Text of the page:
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Activision says it’s not planning to remove existing PlayStation games following Xbox acquisition

Activision Blizzard says it has no intention of removing existing games from other platforms once it has been acquired by Xbox owner Microsoft.

It was announced this week that Microsoft intends to purchase Activision Blizzard in a $ 68.7 billion deal - the game industry's biggest ever by some distance.

Giving Microsoft exclusive ownership of franchises including Call of Duty, Warcraft, Overwatch, Crash Bandicoot and Guitar Hero, the deal is expected to be completed by June 2023.

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In an employee FAQ filed with the US Securities and Exchange Commission, Activision outlined how the transaction will impact existing partner agreements such as those with PlayStation maker Sony, Google and Apple.

"We will honor all existing commitments post close," it said. "As with Microsoft's acquisition of Minecraft, we have no intention of removing any content from platforms where it exists today."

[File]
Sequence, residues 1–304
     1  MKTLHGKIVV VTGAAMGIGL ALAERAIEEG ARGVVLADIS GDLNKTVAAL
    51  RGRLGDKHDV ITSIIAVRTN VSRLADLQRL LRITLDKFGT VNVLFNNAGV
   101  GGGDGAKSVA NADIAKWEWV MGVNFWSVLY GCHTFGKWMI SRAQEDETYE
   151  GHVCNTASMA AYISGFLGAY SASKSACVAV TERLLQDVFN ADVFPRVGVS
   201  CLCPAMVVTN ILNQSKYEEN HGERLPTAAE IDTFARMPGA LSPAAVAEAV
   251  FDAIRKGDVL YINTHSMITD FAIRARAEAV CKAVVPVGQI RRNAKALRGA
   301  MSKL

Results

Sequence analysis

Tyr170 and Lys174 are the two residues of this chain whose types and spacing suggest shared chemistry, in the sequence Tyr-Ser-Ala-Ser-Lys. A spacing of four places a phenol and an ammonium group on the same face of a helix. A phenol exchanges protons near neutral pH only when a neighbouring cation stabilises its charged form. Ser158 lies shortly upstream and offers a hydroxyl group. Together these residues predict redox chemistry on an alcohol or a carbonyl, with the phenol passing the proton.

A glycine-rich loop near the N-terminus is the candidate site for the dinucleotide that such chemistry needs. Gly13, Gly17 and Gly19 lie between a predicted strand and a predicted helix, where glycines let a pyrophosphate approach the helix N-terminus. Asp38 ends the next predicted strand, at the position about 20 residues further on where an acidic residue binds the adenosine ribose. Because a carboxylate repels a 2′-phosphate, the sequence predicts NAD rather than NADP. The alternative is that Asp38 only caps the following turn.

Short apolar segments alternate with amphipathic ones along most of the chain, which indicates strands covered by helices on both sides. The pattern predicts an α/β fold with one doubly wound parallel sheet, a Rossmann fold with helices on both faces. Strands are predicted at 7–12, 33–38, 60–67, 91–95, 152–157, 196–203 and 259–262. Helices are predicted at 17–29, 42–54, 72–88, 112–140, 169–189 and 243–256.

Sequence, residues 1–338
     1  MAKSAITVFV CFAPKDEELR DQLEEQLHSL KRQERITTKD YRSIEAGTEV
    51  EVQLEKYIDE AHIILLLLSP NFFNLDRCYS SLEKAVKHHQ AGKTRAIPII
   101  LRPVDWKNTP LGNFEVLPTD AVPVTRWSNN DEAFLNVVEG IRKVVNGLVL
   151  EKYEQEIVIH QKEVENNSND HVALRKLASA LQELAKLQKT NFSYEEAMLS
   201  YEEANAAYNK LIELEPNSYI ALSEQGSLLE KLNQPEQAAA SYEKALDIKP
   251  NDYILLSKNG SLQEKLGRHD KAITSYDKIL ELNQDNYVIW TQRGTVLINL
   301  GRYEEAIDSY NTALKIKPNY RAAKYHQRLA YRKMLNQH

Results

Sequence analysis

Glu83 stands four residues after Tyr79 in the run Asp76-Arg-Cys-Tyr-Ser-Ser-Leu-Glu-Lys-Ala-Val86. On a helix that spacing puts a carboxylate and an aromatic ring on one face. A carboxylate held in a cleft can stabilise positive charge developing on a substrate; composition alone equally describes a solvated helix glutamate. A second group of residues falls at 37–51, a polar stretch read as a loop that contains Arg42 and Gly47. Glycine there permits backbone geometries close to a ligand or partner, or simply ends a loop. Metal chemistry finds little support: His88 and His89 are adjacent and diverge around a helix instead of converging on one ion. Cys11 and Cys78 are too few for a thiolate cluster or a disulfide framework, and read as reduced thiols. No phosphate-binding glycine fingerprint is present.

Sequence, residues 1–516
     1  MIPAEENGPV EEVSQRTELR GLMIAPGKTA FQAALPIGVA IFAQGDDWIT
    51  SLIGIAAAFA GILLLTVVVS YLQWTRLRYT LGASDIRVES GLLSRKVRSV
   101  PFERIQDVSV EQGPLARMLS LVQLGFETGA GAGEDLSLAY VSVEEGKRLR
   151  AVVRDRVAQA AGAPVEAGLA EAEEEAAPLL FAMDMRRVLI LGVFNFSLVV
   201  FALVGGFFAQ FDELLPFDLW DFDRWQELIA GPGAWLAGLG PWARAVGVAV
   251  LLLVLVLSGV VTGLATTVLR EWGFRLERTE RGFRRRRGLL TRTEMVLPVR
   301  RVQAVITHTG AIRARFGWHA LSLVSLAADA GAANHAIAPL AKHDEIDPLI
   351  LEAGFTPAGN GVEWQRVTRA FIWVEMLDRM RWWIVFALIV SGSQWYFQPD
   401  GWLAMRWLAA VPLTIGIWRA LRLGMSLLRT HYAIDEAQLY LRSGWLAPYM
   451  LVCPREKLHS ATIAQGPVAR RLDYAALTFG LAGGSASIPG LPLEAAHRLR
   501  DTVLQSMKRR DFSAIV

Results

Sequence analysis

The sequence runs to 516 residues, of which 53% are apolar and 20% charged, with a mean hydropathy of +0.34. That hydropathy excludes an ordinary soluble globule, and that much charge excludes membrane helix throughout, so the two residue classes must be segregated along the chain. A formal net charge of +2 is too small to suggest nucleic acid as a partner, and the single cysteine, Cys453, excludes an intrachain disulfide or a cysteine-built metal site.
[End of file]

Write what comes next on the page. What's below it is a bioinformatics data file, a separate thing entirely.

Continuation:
In its first response to Microsoft's proposed acquisition of Activision Blizzard, Sony said it expects games to remain multiplatform due to existing contractual agreements.

Activision creates some of PlayStation's most successful games in the form of the Call of Duty series. Last year, the franchise produced both the first (Vanguard) and third (Black Ops Cold War) best-selling games on PlayStation in the US, according to research firm NPD.

Microsoft reportedly plans to keep making “some” Activision Blizzard games for PlayStation consoles following the takeover, and Xbox head Phil Spencer has claimed that “it's not our intention to pull communities away from that platform”.

It's worth noting however that Spencer made similar comments prior to the completion of Microsoft's $ 7.5 billion takeover of Bethesda parent company Zenimax last year.

While previously released Bethesda games such as The Elder Scrolls Online continue to be supported on PlayStation platforms, and pre-existing exclusivity deals for Deathloop and Ghostwire Tokyo have been honored, Microsoft has since confirmed that the company's big future games such as Starfield, Redfall and The Elder Scrolls 6 will be exclusive to Xbox and PC.

A games industry analyst has said Microsoft could struggle to gain regulatory approval for its Activision Blizzard takeover should it plan to make Call of Duty an Xbox exclusive.